The Making of Frictional Games

October 21, 2010 | 07:22

Tags: #amnesia #amnesia-the-dark-descent #behind-the-scenes #frictional #making-of #penumbra

Companies: #frictional-games

Behind the Scenes with Frictional Games

Hopefully most readers are aware of the masterpiece that is Amnesia; a tension packed horror title that already stands out as one of the classics of the genre – if not then you should read our Amnesia review for more info. Suffice it to say though that the game received an astonishingly high level of coverage throughout the gaming media, with high review scores to match. ‘We were hoping for pretty high scores, but still got more than we thought we would,’ said Grip.

To put a little perspective on that success however Grip divulged a few sales figures, claiming that Amnesia has ‘currently sold 36,000 units (not including Russian retail), about 40 per cent of which have been sold on discounted pre-order.’ The sales are definitely a step up compared to previous titles, but compared to most modern releases, which will often sell a multiple of that in one day on just one console platform, it doesn’t seem that much. It’s enough to make us question what’s wrong with the world, though Frictional have a more optimistic outlook.

‘We’ve earned enough to recoup the expenses and have funding to make another game, so that feels ace,’ says Grip. Writing on the official blog, Frictional revealed they only hoped to sell 24,000 units, meaning Amnesia has far exceeded company expectations.

The Making of Frictional Games Behind the Scenes with Frictional Game
Review copies that had been leaked to pirates were a problem for Frictional

Yet even the release of Amnesia suffered a set back close to release, with a reviewers version of the game making its way onto file sharing networks just prior to launch – a potentially catastrophic setback for such a small studio.

‘We have no idea who it was that spread it, so we can’t do much. Whoever it was removed the tracking info we had added to the file,” said Grip. ‘It will mean we probably have to spend more time on review protection for our next game though, which is kind of annoying as we would rather develop a game than spend time on unrelated things like that.’

It’s a kick in the balls, really. Frictional is a small and very talented team that now has to spend time attempting to protect the review copies of games they send out free of charge to writers. Time they should be using creating some new experience for us all to enjoy. Frictional has explained via the company blog that in the future review copies may not make it to as many outlets, which wounds them as it means less column inches and potentially fewer sales…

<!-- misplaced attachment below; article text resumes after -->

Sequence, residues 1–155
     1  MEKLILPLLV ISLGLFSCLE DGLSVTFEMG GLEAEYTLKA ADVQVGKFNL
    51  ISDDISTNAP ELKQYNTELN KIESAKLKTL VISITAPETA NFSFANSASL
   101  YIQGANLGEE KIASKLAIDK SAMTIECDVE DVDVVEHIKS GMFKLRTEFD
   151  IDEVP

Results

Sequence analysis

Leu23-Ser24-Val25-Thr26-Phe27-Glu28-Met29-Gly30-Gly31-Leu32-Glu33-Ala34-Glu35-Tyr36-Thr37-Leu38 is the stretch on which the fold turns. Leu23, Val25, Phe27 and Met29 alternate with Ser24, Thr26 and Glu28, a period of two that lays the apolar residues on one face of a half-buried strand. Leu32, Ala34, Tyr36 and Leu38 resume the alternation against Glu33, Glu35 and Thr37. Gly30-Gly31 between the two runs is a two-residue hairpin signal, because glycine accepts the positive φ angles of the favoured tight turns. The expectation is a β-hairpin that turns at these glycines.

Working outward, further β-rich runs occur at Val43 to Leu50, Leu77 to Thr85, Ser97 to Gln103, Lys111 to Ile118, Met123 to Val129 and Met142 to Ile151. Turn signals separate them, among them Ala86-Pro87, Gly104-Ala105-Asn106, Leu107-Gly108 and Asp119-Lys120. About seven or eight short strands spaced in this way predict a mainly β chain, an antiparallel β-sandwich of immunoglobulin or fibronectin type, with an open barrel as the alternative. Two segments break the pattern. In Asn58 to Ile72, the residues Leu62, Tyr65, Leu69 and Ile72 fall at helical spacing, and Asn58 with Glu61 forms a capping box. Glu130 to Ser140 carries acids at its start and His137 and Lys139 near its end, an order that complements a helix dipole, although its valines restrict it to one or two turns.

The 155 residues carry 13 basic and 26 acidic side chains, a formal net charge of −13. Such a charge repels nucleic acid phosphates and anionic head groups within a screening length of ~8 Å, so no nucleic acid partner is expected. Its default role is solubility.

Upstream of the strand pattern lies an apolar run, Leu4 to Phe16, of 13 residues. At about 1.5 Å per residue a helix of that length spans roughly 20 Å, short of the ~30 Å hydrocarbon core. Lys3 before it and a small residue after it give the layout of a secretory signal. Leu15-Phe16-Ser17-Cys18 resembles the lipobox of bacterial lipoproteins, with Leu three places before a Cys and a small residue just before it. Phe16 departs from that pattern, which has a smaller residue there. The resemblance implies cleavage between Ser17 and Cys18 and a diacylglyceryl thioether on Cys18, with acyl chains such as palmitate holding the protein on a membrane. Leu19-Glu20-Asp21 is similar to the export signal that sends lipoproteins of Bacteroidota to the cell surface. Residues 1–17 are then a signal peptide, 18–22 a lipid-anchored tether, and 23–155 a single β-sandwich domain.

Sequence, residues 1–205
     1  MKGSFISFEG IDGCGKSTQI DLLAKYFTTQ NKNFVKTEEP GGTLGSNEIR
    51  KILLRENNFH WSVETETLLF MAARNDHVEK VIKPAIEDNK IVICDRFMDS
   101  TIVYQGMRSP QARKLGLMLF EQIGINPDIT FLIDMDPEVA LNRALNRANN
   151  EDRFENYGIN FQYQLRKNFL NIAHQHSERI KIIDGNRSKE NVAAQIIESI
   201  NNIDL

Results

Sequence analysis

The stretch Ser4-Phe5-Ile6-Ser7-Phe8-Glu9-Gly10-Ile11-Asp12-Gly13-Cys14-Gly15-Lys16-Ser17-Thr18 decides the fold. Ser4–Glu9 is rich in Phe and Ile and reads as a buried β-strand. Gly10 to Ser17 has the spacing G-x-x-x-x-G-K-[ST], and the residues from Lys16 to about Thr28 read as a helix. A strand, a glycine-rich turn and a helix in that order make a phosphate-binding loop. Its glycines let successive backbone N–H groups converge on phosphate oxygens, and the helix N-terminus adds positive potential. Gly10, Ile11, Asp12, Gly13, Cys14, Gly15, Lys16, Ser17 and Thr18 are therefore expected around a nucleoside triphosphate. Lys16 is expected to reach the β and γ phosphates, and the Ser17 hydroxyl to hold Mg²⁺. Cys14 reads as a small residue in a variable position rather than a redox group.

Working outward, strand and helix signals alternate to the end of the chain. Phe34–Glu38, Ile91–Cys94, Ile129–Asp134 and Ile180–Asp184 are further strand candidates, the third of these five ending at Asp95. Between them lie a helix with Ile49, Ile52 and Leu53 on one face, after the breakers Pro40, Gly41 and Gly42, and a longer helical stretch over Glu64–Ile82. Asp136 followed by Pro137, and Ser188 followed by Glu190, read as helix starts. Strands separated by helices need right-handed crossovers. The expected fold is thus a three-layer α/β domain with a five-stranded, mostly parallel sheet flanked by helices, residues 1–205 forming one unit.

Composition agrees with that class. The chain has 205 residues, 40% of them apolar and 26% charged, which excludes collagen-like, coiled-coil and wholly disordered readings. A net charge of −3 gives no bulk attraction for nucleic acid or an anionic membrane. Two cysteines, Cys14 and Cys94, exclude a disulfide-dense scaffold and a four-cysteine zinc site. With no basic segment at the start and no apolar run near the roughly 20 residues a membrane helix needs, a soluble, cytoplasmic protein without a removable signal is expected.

Talking about future plans though, the team at Frictional seem well grounded, with little desire to become one of the gaming heavyweights in terms of size. ‘We don’t want to grow into a big company. We enjoy being a tight, small group that can focus on more niche and experimental games. I’m hoping we can keep doing this for a long time and help push the boundaries of the video game medium,’ says Grip.

The Making of Frictional Games Behind the Scenes with Frictional Game
The original Penumbra tech demo is where it all started

What’s really striking about the team though is how committed they are to the industry; Grip told us that the studio has been on the brink of closure on at least four occasions, only managing to keep going through sheer determination and luck. We reckon many others would have traded in their autonomy in favour of a steady paycheque from one of the bigger, safer publishers or developers.

Grip is unsurprisingly not overly eager to confess all about the future for Frictional, simply stating that ‘for our next game we aim to take our ideas a lot further than what we have done so far’ – which is an easy, evasive answer. All he will admit to is that work on HPL3 has already started, indicating that whatever direction those ideas head in then it’ll be another physics driven title.

‘Now that we’ve been doing this for some time, and we really are making games as a full time job, our goal has shifted towards being able to not be worrying about money so much,’ says Grip. ‘There have been so many times during the last three years that we thought we would have to quit and do something else instead. Constantly not knowing what will happen next month is quite demanding and takes its toll.’

The optimism is still there however. ‘After the release of Amnesia, things are definitely going the right way and, while we haven’t yet really reached the kind of financial security we would like, we are slowly getting there.’
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